Despite the health hazards related to drinking soda, last year a Gallup poll revealed that 48 percent of surveyed Americans drink soft drinks on a daily basis. And among those who drank soda, the average daily intake was 2.6 glasses per day.
Seven percent of those surveyed claimed they drink four or more sodas a day. Rates of soda consumption were higher with young adults ages 18 to 34, at more than half or 56 percent.
We’ve listed ten cogent reasons not to drink soft drinks, or at the very least consider restricting consumption.
10) Some Sodas Contain a Flame Retardant
Brominated vegetable oil (BVO) is vegetable oil derived from soybean or corn that is bonded with the element bromine, and used as a patented flame retardant chemical. BVO is banned in food throughout Europe and Japan, yet BVO has been added to sodas for decades in North America.
Some drinks with BVO listed in their ingredients are Mountain Dew, Squirt, Fanta Orange, Sunkist Pineapple, Gatorade Thirst Quencher Orange, Powerade Strawberry Lemonade and Fresca Original Citrus. In Mountain Dew, brominated vegetable oil is listed next-to-last, between disodium EDTA and Yellow 5.
9) Pancreatic Cancer
A report that appeared in the American Association for Cancer Research claims sugar-sweetened sodas with their high-glycemic load have been linked with varying degrees of success to an increased risk of pancreatic cancer. Consumption of two or more soft drinks a week was linked to an 87% increase in the risk of pancreatic cancer.
Regular consumption of refined sugar and corn syrup has been linked to a host of illnesses including diabetes, heart disease, and stroke. Americans consume about 250 to 300 more calories daily now than they did several decades ago, and nearly half this increase is accounted for by consumption of sugared beverages.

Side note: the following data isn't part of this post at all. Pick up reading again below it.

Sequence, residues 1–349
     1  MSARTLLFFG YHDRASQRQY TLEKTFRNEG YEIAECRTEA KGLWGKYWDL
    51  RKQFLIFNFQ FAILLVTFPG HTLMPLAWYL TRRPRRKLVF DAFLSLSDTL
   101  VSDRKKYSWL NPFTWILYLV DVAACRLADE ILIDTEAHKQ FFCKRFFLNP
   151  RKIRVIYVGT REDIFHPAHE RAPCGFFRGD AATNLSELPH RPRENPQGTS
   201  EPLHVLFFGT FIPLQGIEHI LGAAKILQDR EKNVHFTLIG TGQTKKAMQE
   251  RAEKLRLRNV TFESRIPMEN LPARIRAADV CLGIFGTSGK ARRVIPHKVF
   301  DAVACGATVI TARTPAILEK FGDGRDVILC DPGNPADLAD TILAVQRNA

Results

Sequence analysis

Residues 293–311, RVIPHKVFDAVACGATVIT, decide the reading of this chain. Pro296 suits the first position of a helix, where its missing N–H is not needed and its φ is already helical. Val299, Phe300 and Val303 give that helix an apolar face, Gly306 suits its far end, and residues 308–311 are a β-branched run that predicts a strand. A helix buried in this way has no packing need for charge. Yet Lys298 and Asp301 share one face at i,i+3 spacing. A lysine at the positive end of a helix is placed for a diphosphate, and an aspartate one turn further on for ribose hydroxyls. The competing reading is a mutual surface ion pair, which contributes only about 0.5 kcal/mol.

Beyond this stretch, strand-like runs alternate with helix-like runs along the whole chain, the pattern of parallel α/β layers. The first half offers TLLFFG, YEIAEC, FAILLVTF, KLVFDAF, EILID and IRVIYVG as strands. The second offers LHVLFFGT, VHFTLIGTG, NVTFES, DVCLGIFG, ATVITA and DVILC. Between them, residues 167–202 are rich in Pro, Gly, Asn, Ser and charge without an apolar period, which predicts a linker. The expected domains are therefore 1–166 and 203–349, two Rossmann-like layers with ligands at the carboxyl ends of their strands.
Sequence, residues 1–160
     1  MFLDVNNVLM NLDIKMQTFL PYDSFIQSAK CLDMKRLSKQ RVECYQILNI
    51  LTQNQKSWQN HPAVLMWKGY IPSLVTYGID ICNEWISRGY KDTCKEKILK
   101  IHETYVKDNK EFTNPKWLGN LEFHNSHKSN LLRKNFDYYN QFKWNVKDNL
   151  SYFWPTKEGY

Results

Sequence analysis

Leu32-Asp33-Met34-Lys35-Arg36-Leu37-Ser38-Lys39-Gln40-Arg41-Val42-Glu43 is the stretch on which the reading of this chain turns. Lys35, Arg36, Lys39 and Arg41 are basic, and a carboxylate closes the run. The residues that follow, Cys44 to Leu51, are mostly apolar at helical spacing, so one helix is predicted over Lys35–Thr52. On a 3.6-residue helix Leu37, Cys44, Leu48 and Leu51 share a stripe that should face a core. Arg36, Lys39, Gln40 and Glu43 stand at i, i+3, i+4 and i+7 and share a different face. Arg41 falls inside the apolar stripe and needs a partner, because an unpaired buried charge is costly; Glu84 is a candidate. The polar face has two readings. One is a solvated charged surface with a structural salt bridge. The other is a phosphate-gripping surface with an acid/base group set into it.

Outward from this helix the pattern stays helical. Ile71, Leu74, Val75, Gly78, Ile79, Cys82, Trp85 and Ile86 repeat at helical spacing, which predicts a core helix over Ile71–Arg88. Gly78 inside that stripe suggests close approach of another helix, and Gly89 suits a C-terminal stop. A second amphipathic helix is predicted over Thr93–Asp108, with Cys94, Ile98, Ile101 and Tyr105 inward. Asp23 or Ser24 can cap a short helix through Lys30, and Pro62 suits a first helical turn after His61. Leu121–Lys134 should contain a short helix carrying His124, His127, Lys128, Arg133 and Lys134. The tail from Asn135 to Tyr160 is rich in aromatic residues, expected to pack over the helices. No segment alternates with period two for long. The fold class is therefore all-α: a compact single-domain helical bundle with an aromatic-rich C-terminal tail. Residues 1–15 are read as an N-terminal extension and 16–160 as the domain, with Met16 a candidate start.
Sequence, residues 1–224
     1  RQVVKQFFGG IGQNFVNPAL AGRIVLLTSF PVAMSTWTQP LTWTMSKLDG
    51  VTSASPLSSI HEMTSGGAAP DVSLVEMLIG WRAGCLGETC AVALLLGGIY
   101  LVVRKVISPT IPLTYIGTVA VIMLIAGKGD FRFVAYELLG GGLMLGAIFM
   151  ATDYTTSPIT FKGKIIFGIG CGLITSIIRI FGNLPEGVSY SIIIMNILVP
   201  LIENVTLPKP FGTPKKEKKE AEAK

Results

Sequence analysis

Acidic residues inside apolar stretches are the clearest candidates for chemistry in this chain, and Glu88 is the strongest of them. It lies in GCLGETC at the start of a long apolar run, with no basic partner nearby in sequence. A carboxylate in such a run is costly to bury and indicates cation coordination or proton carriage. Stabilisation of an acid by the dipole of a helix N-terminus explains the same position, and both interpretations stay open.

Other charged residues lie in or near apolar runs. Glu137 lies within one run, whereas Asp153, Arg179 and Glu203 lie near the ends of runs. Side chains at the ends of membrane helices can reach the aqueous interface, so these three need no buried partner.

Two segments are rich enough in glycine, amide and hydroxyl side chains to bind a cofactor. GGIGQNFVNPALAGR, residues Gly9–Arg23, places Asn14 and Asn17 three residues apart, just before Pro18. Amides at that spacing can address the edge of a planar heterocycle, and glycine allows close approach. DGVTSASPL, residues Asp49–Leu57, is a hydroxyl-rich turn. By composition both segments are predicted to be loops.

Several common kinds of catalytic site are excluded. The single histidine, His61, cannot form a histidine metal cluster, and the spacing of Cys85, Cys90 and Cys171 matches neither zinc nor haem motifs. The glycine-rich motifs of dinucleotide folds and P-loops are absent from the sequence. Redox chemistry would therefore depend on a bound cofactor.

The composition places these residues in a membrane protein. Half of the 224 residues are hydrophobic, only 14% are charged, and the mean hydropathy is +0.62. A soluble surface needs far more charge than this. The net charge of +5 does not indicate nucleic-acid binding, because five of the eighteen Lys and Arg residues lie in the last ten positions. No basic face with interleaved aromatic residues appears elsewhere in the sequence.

One UCLA study found adults who drink at least one soft drink a day are 27 percent more likely to be obese than those who don’t. The study also found that approximately half of children and teens in this country drink at least one soda daily.
Carbonated drinks contain high amounts of phosphoric acid and excessive phosphorous intake depletes the body of calcium which can lead to a loss in bone density, and osteoporosis.
6) Soda Contains HFCS Which Impairs Learning
High fructose corn syrup (HFCS) is used in virtually everything on grocery store shelves, including soft drinks, cereal, bread, ketchup, and pancake syrups.
High fructose corn syrup impairs memory and learning. New evidence suggests a steady diet of high fructose corn syrup slows the brain, and impairs memory and learning.
“Our findings illustrate that what you eat affects how you think,” said Fernando Gomez-Pinilla, a professor of neurosurgery at the David Geffen School of Medicine at UCLA and a professor of integrative biology and physiology in the UCLA College of Letters and Science. Eating a high-fructose diet over the long term alters your brain’s ability to learn and remember information.
Additionally, a 2009 study conducted by researchers at Georgia State University determined diets high in fructose impaired the spatial memory of adult rats.
5) Cancer Risk Linked to Coke and Pepsi
The Center for Science in the Public Interest (CSPI), a consumer health group in Washington, claim Coca-Cola, Pepsi-Cola, Diet Coke, and Diet Pepsi contain high levels of 4-methylimidazole (4-MI), a known animal carcinogen.